Later that day, on the ferry, my teacher, who was there with us, challenged me by asking how I was going to make that visit to Apollo’s gate significant so that it would be meaningful towards my growth and that of others.

He said that you need to love yourself enough to believe you’re here to create lasting change in yourself and the world around you.

Now, I was fully enjoying the moment when we were at the site, weather was fantastic, I was in great company, we were having fun, it was a fascinating place.

When he challenged me I realised that although I was having a great time I had not been using it consciously as an experience that would serve me and others for growth.

Every moment, every experience is significant he said.

And then he used a fascinating term: He said Fast forward your experience and figure out how you’re going to use this moment to improve life.

Give it a placement in the future.

Is there something about the history of this place that can make a difference to someone? Perhaps the conversations I’m having here. A personal reflection?

Perhaps it is something as simple as seeing a bird soar through the sky which reminds you of the importance of having perspective.

To be clear, asking yourself these kind of questions is totally possible without having to compromise on enjoying the moment or missing out on fun.

Every moment can be used as an opportunity for awakening.

What can I learn here, or how can I use this experience for positive change?

Another question you can ask yourself is  What am I going to change because of being there?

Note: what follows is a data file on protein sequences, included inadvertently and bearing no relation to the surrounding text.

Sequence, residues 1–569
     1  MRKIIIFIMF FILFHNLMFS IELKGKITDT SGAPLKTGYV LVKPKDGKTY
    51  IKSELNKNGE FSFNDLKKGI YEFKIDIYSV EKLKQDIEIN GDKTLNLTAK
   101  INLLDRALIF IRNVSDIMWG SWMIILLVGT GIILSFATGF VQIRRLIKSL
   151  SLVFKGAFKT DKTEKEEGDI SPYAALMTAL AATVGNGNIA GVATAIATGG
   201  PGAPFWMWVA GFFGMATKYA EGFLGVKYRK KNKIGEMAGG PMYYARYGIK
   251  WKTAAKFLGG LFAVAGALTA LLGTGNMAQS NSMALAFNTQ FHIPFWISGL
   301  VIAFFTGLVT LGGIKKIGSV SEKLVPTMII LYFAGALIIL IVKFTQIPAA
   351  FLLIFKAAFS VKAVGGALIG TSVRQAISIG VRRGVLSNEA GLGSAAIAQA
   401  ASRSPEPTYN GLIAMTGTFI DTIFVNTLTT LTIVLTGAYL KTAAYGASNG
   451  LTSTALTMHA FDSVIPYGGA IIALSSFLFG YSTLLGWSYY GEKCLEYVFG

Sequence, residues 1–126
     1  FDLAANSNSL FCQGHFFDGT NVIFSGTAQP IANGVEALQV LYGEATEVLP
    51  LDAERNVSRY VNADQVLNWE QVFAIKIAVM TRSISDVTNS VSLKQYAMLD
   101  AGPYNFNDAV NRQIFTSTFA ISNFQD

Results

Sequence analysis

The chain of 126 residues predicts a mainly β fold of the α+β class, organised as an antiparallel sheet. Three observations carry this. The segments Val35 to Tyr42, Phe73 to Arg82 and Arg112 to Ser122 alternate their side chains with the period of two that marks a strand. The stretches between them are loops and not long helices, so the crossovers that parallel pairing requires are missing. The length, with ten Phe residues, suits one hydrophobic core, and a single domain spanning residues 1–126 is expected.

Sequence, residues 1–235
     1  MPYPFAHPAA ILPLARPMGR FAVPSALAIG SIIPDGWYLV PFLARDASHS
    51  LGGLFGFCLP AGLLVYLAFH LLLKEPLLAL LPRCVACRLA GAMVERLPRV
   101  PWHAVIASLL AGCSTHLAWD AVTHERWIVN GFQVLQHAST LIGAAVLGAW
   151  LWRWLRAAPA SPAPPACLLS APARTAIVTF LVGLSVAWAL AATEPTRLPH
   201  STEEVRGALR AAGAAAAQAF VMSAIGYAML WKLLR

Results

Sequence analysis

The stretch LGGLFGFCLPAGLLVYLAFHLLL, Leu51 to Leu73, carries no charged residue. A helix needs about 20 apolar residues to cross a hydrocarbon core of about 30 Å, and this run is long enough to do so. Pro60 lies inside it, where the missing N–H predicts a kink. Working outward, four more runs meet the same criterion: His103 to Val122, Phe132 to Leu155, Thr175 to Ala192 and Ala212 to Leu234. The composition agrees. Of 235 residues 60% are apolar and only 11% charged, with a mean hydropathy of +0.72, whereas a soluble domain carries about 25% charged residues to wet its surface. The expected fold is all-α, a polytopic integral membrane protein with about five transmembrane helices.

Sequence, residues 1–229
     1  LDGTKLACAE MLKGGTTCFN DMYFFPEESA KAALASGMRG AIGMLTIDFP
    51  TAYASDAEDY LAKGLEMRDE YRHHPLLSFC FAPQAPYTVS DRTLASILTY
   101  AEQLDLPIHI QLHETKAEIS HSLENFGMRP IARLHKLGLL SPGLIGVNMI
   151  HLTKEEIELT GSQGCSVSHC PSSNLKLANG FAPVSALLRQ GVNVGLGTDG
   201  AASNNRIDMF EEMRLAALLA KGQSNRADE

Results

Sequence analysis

This intention and purposefulness will help you to anchor teachings and insights so that you’re better able to retain them.

What really works well for me is to think of specific people I’m going to share something with.

We learn by teaching.

I may be in a talk for example and someone says something and I’ll immediately go Ah! So and so may benefit from that. That in itself, that now I’m not just listening for myself but also on behalves of someone else helps me remain more focussed, alert, and retain the information better.

I will also review it sooner and the thinking about how I’m going to share it, and when, helps the retention.

Another suggestion to integrate and anchor your life’s experience so that it servers you and other is by journalling.

As Jim Rohn said - A life worth living is a life worth recording.

Write your experiences and insights down at the earliest opportunity and regularly review them.

An end of day routine may be useful to establish this as a practice.

I like to write what I’ve learned that day, what I’m grateful for and what I’m looking forward to as part of my journaling routine. I may also add people’s names that I’m going to share something with, do something for, or plan to involve in a project, for example.

Your greatest wealth is your life’s experience. Use that wealth to improve your life and that of others.

Everything that happens can be important and nothing needs to be trivial or irrelevant.

So, give your experiences the significance they deserve.

Now, you’ve just read all of this, how are you going to fast forward what you take away from this post?